In myeloma, B cells and plasma cells show a clonal relationship. Clonotypic B cells may represent a tumor-initiating compartment or cancer stem cell responsible for minimal residual disease in myeloma.
We report a study of 58 patients with myeloma at time of diagnosis or relapse. B cells in bone marrow were evaluated by multicolor flow cytometry and sorting. Clonality was determined by light chain and/or immunoglobulin chain gene rearrangement PCR. We also determined aldehyde dehydrogenase activity and colony formation growth. Drug sensitivity was tested with conventional and novel agents.
Marrow CD19+ cells express a light chain identical to plasma cells and are therefore termed light chain restricted (LCR). The LCR B cell mass is small in both newly diagnosed and relapsed patients (≤1%). Few marrow LCR B cells (~10%) are CD19+/CD34+, with the rest being more differentiated CD19+/CD34− B cells. Marrow LCR CD19+ B cells exhibit enhanced aldehyde dehydrogenase activity versus healthy controls. Both CD19+/CD34+ and CD19+/CD34− cells showed colony formation activity, with colony growth efficiency optimized when stroma-conditioned medium was used. B cell progenitors showed resistance to melphalan, lenalidomide, and bortezomib. Panobinostat, a histone deacetylase inhibitor, induced apoptosis of LCR B cells and CD138+ cells. LCR B cells are CD117, survivin, and Notch positive.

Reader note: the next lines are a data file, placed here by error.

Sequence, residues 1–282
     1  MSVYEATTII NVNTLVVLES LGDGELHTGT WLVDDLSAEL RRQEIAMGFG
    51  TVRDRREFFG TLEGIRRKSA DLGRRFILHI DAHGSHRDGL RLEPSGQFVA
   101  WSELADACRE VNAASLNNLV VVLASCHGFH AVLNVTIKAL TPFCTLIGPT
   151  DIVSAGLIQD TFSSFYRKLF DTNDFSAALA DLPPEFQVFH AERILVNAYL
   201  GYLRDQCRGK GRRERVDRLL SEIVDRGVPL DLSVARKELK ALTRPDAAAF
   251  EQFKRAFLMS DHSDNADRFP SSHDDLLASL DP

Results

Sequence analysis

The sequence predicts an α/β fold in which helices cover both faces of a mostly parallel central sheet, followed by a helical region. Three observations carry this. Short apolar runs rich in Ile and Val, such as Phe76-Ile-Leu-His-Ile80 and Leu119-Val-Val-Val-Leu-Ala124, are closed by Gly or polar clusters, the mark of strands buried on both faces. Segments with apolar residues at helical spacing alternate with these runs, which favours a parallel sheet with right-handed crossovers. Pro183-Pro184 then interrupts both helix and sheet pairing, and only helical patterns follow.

We propose that antigen-independent B cell differentiation stages are involved in disease origination and progression in myeloma. Further investigations of myeloma putative stem cell progenitors may lead to novel treatments to eradicate the potential reservoir of minimal residual disease.
multiple myeloma; B cell progenitors; bone marrow; stemness
Randomized trials have shown that the transplantation of filgrastim-mobilized peripheral-blood stem cells from HLA-identical siblings accelerates engraftment but increases the risks of acute and chronic graft-versus-host disease (GVHD), as compared with the transplantation of bone marrow. Some studies have also shown that peripheral-blood stem cells are associated with a decreased rate of relapse and improved survival among recipients with high-risk leukemia.